But it is a short, right answer, that isn’t getting us very far, to say that it is the perpetrators that can stop rape. Of course this is right, that it is their choice, their crime, and their responsibility. But we will never stop individual bastards (and I will use that word, because it is okay to be angry) from raping and attacking women by just saying that. But we can, and have to, look at the system if we want to make real change to the prevalence of rape and sexual assault in our society. ‘Addressing the power dynamic between men and women’ seems overwhelming and impossible, as does ‘ripping apart the gender roles we are coerced into performing’. These ideas needs to be boiled down and down into a million steps that need to be taken. I don’t pretend to have all of the answers. But we must at least attempt to combat this pervasive, harrowing part of many women’s life experiences, with some concrete plans. Here is my suggestion – please feel free to comment and add your own ideas:
To include in basic sex education the following elements: (a) ways to be assertive outside of the aggressive/submissive way in which men and women are socialized to perform their genders, in the context of sexual activity of any kind; (b) the necessity to be actively thoughtful and aware of consent issues in relation to alcohol, drugs, and social pressure external and internal to the time when sexual activity is a possibility: ‘no is no’ but when is ‘yes’ really ‘yes’?; (c) emphasise that collectively society will not condone a lack of respect or consideration for what women want; (d) the truth about what is and is not rape – thoroughly disregarding the pervasive lies that are widely believed.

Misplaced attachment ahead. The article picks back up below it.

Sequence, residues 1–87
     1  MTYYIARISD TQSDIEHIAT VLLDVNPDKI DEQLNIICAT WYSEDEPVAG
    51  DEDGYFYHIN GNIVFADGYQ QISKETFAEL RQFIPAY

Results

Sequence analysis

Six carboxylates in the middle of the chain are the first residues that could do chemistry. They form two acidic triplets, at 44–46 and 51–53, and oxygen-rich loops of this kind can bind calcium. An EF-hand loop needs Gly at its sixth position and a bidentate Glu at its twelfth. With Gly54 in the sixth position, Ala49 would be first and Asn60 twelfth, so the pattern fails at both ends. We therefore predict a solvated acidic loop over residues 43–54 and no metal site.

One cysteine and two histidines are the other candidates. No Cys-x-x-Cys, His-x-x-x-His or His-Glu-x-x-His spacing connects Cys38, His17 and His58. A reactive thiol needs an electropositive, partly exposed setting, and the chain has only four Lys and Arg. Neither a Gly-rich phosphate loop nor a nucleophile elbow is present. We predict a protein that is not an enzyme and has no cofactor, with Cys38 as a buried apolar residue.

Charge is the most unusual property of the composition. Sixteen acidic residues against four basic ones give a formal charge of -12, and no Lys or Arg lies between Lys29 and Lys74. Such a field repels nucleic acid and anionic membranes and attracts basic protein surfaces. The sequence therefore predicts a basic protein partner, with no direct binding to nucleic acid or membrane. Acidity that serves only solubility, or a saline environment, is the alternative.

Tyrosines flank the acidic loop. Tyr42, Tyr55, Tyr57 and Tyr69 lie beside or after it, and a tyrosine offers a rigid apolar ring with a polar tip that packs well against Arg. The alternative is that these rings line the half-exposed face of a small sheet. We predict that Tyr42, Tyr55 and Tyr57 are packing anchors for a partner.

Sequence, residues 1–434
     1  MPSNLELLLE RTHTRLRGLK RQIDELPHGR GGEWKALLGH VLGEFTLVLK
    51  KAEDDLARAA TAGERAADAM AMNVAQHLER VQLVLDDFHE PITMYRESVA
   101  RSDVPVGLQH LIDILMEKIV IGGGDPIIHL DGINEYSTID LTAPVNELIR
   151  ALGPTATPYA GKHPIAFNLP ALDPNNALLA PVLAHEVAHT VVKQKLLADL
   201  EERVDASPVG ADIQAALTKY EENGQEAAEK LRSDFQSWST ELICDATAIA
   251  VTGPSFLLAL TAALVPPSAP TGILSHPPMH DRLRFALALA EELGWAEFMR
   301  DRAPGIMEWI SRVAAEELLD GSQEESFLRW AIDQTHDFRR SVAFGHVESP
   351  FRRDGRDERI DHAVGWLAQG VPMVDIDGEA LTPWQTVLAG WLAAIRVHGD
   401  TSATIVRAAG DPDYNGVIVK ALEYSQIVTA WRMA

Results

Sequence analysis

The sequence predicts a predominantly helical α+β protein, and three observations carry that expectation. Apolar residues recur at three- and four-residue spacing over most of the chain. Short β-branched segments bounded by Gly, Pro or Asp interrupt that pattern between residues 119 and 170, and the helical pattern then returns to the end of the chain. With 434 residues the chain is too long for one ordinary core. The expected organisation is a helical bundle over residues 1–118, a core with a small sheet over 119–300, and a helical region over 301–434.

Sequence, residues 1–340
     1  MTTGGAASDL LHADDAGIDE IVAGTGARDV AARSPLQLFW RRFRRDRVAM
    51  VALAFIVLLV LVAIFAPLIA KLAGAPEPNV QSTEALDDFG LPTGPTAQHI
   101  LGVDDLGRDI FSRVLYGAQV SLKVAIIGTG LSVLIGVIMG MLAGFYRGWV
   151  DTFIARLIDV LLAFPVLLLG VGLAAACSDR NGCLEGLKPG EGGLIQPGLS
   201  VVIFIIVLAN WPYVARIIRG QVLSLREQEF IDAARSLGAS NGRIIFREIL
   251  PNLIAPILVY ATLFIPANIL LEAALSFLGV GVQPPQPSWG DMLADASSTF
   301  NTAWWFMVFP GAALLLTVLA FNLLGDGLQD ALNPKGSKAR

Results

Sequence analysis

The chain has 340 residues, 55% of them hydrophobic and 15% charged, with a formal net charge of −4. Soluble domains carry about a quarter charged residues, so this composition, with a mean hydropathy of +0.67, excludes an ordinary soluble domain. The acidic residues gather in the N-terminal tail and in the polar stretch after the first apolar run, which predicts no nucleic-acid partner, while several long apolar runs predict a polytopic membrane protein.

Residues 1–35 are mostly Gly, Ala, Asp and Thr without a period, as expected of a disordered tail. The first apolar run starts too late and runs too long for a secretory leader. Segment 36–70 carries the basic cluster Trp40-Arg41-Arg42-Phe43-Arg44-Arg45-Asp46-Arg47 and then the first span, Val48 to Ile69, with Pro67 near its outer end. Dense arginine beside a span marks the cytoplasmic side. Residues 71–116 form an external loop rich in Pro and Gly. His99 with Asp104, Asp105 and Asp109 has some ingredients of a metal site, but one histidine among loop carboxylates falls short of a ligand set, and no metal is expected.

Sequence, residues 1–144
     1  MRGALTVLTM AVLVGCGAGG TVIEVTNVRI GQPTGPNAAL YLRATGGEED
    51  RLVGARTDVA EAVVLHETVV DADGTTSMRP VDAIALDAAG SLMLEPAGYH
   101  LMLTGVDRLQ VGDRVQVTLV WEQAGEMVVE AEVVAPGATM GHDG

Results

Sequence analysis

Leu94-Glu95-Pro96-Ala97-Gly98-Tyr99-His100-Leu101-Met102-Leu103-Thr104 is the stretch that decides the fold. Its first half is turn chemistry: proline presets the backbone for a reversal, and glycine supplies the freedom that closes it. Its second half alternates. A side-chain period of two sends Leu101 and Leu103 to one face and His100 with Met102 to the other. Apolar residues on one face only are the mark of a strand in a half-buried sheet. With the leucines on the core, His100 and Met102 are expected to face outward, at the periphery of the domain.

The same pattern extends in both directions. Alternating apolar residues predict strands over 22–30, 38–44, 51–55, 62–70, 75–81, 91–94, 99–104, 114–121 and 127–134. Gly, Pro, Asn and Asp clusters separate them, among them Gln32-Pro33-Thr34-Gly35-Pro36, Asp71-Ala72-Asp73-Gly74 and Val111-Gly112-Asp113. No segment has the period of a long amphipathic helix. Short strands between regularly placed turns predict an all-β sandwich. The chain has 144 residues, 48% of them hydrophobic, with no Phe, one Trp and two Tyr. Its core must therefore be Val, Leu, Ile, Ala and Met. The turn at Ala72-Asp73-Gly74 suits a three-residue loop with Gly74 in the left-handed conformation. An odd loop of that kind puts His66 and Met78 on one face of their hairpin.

This sex education should take place in high school, but not just high school. It should take place in freshers’ week at Universities/FE Institutions, and in workshops available through community projects for adults. In addition, we must support and start political campaigns on these issues, and speak out in daily conversations about these issues when they are raised. And we must also support campaigners working on changes to the criminal justice system to improve rape conviction rate.
For now, for those women who have survived rape, sexual assault, or any kind of gendered violence, there are people you can go to now for support. You can speak to someone at Rape Crisis (http://www.rapecrisis.org.uk/), and if you’re a student, talk to someone at the Student Advice Service (http://www.studentadvice.cam.ac.uk/) or University Counselling Service (http://www.counselling.cam.ac.uk/). You are not alone, you are incredibly strong to have survived what has happened to you, and there is a community of women at Rape Crisis that are there to listen if you want to talk.